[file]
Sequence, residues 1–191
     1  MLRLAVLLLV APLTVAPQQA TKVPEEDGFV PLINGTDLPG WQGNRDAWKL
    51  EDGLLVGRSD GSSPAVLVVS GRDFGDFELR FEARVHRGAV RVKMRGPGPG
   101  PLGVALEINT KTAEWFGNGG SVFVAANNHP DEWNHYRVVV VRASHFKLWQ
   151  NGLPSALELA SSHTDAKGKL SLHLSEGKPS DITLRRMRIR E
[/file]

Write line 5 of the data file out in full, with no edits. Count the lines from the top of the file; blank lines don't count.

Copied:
   151  NGLPSALELA SSHTDAKGKL SLHLSEGKPS DITLRRMRIR E